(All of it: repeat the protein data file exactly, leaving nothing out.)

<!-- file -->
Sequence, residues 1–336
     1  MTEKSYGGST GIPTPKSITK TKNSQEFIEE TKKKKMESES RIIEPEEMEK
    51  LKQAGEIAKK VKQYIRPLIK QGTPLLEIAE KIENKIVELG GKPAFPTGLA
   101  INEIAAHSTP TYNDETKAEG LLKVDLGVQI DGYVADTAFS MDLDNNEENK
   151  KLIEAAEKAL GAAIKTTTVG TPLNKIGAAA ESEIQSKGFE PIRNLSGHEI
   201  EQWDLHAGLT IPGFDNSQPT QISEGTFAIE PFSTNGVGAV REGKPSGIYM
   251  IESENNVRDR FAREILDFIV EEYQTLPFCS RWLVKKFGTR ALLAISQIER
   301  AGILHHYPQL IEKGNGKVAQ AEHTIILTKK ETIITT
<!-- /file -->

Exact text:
Sequence, residues 1–336
     1  MTEKSYGGST GIPTPKSITK TKNSQEFIEE TKKKKMESES RIIEPEEMEK
    51  LKQAGEIAKK VKQYIRPLIK QGTPLLEIAE KIENKIVELG GKPAFPTGLA
   101  INEIAAHSTP TYNDETKAEG LLKVDLGVQI DGYVADTAFS MDLDNNEENK
   151  KLIEAAEKAL GAAIKTTTVG TPLNKIGAAA ESEIQSKGFE PIRNLSGHEI
   201  EQWDLHAGLT IPGFDNSQPT QISEGTFAIE PFSTNGVGAV REGKPSGIYM
   251  IESENNVRDR FAREILDFIV EEYQTLPFCS RWLVKKFGTR ALLAISQIER
   301  AGILHHYPQL IEKGNGKVAQ AEHTIILTKK ETIITT